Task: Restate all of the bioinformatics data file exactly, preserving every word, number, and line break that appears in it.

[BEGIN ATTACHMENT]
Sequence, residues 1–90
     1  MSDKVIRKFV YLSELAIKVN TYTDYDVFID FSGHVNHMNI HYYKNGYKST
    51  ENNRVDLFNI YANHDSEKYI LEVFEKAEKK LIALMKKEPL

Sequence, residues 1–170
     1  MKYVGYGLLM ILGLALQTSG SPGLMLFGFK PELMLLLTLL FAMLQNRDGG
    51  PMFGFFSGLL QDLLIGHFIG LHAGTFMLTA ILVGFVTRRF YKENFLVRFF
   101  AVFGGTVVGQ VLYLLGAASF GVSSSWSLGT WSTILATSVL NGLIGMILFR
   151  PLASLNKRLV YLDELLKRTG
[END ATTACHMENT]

Sequence, residues 1–90
     1  MSDKVIRKFV YLSELAIKVN TYTDYDVFID FSGHVNHMNI HYYKNGYKST
    51  ENNRVDLFNI YANHDSEKYI LEVFEKAEKK LIALMKKEPL

Sequence, residues 1–170
     1  MKYVGYGLLM ILGLALQTSG SPGLMLFGFK PELMLLLTLL FAMLQNRDGG
    51  PMFGFFSGLL QDLLIGHFIG LHAGTFMLTA ILVGFVTRRF YKENFLVRFF
   101  AVFGGTVVGQ VLYLLGAASF GVSSSWSLGT WSTILATSVL NGLIGMILFR
   151  PLASLNKRLV YLDELLKRTG